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On the 30-year anniversary of the beloved drama's Broadway premiere, PBS aired an uncut, three-hour TV adaptation of A Raisin in the Sun starring Danny Glover and Esther Rolle. Director Bill Duke told The Los Angeles Times, "This play transcends time and race. It applies to all poor people. What Lorraine says is something that should be said often: Folks that don't have money, folks that society looks down its nose at, are some of the noblest spirits among us."

On the 30-year anniversary of the beloved drama’s Broadway premiere, PBS aired an uncut, three-hour TV adaptation of A Raisin in the Sun starring Danny Glover and Esther Rolle. Director Bill Duke told The Los Angeles Times, “This play transcends time and race. It applies to all poor people. What Lorraine says is something that should be said often: Folks that don’t have money, folks that society looks down its nose at, are some of the noblest spirits among us.”

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In 1989, A Raisin in the Sun, was adapted into a movie starring Danny Glover, the profound African American actor, well known and respected for his various roles in films including The Color Purple, and Esther Rolle, who is best known for her role as Florida Evans on the CBS sitcom Good Times. This production, based on an Off-Broadway revival, received three Emmy Award nominations; all of which were for technical categories. In 2004, A Raisin in the Sun was revived for the first and only time on Broadway at the Royal Theatre.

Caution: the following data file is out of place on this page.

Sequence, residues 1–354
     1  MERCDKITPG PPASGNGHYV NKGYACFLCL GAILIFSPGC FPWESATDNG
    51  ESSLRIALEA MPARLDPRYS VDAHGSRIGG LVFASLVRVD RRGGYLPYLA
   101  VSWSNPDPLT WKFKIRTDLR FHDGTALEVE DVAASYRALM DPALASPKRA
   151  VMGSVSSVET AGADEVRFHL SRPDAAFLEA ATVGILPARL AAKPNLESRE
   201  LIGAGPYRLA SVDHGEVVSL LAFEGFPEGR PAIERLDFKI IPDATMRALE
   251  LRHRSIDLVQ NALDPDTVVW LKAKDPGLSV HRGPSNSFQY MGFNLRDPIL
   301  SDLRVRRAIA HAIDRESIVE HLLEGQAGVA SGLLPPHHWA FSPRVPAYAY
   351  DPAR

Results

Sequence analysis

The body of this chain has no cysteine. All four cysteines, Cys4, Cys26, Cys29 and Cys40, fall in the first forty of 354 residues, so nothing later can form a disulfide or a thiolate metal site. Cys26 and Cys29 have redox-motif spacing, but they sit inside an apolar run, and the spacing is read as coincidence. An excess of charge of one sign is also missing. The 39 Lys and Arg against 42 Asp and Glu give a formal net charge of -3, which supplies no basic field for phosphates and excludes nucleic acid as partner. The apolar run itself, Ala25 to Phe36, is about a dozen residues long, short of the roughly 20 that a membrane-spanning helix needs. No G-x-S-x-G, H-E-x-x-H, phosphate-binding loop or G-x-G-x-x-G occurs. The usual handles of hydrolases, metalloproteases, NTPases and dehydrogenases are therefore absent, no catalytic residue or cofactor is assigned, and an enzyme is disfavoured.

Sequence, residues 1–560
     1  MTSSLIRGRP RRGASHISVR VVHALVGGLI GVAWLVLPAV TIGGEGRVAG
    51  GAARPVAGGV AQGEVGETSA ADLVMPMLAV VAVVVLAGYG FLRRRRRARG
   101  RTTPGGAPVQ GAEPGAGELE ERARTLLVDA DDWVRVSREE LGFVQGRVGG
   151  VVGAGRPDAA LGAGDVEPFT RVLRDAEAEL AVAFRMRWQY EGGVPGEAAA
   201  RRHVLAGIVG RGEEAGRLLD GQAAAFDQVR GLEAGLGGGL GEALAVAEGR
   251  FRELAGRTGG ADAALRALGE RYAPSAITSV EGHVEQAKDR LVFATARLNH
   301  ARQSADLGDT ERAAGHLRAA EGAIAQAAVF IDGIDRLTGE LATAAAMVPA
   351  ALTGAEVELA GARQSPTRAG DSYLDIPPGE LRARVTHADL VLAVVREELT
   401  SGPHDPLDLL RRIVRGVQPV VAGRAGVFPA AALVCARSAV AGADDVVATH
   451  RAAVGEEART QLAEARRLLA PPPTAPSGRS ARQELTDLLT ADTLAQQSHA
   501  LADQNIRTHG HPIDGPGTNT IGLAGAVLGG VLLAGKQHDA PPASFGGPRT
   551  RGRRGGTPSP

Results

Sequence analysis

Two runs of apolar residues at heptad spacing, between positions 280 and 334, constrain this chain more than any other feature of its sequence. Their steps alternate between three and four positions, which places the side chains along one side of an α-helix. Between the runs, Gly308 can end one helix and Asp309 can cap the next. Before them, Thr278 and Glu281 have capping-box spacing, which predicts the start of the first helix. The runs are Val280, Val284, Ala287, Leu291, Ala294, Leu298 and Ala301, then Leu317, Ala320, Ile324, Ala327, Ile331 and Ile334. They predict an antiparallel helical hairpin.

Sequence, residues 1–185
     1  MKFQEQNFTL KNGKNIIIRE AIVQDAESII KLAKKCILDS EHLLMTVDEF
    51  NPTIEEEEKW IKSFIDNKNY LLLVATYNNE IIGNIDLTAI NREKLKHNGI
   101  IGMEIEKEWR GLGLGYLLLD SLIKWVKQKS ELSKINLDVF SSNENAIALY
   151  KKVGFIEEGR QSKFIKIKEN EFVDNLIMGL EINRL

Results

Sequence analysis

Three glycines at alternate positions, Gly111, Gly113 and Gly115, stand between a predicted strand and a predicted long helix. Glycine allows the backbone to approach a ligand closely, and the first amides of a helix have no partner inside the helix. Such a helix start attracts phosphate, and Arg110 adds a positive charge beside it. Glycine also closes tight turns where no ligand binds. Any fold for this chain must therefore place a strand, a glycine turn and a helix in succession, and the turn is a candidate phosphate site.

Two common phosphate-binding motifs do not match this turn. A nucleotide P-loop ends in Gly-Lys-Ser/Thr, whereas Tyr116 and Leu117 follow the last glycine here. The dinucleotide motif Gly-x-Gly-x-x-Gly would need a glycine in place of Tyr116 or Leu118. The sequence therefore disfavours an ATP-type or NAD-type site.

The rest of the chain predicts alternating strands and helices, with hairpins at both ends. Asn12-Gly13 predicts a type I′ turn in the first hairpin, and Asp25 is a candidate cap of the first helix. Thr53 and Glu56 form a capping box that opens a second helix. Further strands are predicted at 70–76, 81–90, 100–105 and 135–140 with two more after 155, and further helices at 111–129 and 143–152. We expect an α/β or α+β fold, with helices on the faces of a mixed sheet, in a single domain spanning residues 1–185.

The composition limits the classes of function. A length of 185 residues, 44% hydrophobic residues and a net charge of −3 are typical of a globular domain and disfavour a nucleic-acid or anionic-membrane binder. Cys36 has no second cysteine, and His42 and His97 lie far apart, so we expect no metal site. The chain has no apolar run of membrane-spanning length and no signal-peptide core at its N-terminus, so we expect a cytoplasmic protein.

Raisin_in_the_Sun_2008 This version of Lorraine Hansberry’s play had a cast consisting of prominent African-American actors and figures such as Sean Combs, Audra McDonald, Phylicia Rashad, and Sanaa Lathan.  It ran at the Royale Theatre for 31 previews and 89 performances. McDonald and Rashad both won the Tony Award and Drama Desk Award for their performances, and Lathan was honored with the prestigious Theatre World Award.

The Shubert Organization
Royale Theatre
New York City, NY
Opening-April 26, 2004
Closing-July 11, 2004

Directed: Kenny Leon
Set design: Thomas Lynch
Costume design: Paul Tazewell
Lighting design: Brian MacDevitt
Sound design:T. Richard Fitzgerald
Composer: Dwight Andrews

Cast:
Walter Lee Younger – Sean Combs
Ruth Younger – Audra McDonald
Travis Younger – Alexander Mitchell
Lena Younger (Mama) – Phylicia Rashad
Beneatha Younger – Sanaa Latahn
Joseph Asagai -Teagle F. Bougere
George Murchinson – Frank Harts
Bobo – Bill Nunn
Karl Lindner – David Aaron Baker
Moving Men-Lawrence Ballard, Billy Eugene Jones

Reviews
”Raisin in the Sun” depicts Walter Lee’s belated emergence into manhood. And in his opening scene — as he pouts and teases with his wife, Ruth (Ms. McDonald) — Mr. Combs’s Walter evokes a man who in his 30’s is still marooned in early adolescence. You might even mistake this Walter for the older brother of Travis (Alexander Mitchell), the little boy who is in fact his son. Clearly, Mr. Combs has left lots of space for Walter to grow. Unfortunately, that space is never filled.